ANALYSIS: Clinton clear winner as Trump takes bait

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Democratic presidential nominee Hillary Clinton and Republican presidential nominee Donald Trump shake hands during the presidential debate at Hofstra University in Hempstead, N.Y., Monday, Sept. 26, 2016. (Joe Raedle/Pool via AP)

Democratic presidential nominee Hillary Clinton and Republican presidential nominee Donald Trump shake hands during the presidential debate at Hofstra University in Hempstead, N.Y., Monday, Sept. 26, 2016. (Joe Raedle/Pool via AP)

After a September swoon that saw her once-commanding lead shrivel to a virtual tie, the pressure was on Democratic presidential Hillary Clinton tonight to put in a strong debate performance against GOP nominee Donald Trump. With a couple of assists from Trump, Clinton met the expectations game and has put pressure on Trump heading into the final stretch of the campaign.

The 90-minute long debate, one of the most anticipated political events in modern memory, lived up to it’s billing.

And what became clear around 20 minutes in was that one candidate came prepared, while the other did not. Clinton displayed her deep knowledge of policy issues while also showing off her underrated performance skills. She knew which buttons to punch, when to attack, and when to let Trump dig himself into a hole.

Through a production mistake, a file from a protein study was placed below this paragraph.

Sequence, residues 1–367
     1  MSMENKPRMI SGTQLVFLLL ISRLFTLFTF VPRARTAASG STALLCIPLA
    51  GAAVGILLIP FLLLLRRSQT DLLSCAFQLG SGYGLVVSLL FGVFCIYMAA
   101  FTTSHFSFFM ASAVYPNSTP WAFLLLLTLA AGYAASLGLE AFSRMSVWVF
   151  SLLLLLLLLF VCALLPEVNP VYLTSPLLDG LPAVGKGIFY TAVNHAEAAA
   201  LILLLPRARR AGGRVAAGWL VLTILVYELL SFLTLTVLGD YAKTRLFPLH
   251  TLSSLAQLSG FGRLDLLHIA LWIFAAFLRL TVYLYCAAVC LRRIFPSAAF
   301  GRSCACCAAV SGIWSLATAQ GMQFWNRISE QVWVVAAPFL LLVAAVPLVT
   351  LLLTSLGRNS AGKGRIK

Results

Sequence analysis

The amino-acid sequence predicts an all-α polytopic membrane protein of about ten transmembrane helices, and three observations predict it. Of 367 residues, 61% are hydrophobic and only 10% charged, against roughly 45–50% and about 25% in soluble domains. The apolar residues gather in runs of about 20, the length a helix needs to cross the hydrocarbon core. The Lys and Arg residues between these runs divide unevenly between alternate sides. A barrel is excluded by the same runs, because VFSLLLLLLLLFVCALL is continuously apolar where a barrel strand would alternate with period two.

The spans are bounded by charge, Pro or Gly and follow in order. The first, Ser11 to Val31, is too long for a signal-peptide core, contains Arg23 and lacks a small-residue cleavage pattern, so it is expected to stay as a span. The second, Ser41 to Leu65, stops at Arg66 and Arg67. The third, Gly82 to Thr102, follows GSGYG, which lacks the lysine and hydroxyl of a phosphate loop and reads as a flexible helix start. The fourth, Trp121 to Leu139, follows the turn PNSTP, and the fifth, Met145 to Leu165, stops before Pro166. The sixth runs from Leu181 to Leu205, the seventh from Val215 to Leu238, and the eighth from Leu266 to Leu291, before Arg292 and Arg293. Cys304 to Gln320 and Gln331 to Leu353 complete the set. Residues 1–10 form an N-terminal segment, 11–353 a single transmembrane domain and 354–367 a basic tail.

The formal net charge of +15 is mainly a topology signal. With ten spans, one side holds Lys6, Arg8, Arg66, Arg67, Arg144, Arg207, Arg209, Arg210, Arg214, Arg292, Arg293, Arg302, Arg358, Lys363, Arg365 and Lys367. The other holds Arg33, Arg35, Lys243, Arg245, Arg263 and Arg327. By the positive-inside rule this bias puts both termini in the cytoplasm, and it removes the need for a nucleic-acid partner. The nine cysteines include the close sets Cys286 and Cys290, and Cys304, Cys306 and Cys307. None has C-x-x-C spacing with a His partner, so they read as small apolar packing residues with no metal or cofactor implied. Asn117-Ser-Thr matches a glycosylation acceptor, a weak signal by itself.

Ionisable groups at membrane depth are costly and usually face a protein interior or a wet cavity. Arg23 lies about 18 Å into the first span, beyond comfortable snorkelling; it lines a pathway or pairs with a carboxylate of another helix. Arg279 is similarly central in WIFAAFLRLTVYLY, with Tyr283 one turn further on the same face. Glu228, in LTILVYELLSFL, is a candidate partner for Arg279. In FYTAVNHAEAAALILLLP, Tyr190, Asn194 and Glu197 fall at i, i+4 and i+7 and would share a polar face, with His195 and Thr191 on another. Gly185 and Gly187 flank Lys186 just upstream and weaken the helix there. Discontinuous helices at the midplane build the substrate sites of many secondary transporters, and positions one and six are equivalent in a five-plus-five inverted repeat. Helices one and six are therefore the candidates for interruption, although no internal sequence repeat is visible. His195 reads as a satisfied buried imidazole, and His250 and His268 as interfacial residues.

Trump, on the other hand, took the bait. It’s that simple. The mood was set from the get-go when Clinton insinuated that Trump was only as wealthy as he was because of his father. She would then hammer away at his business record, his comments on women, and other digs meant to get under his skin.

Clinton was the clear winner of this debate, which is perhaps surprising because of the extremely high expectations placed on her going in and the low bar set for Trump. It seemed impossible for her to meet the bar, but she did.

One example of Clinton’s exemplary performance was her answer on her use of a private email server. This is an issue that has dogged her the entire campaign. She never had a good answer for it — until tonight, that is.

“I made a mistake using a private e-mail. And if I had to do it over again, I would obviously do it differently. But I’m not going to make any excuses. It was a mistake and I take responsibility for that,” Clinton said.

Four sentences and she put the issue to rest. That’s it. Over.

When Clinton gets herself in trouble, it’s because of long answers spoken in legal-ese that most voters can’t comprehend, which makes her sound like she’s either lying or making up excuses. But, by owning it with that simple, but effective answer, she did not have to deal with the email question the rest of the night.

Trump, on the other hand, walked into every trap laid before him. He had plenty of opportunities to go after Clinton’s record and not give in to the bait, but he could not help himself.

The candidates first traded barbs on economic issues, specifically trade. Trump hit Clinton for her husband’s support of the North American Free Trade Agreement (NAFTA) and her initial support for the Trans-Pacific Partnership (she no longer supports its passage).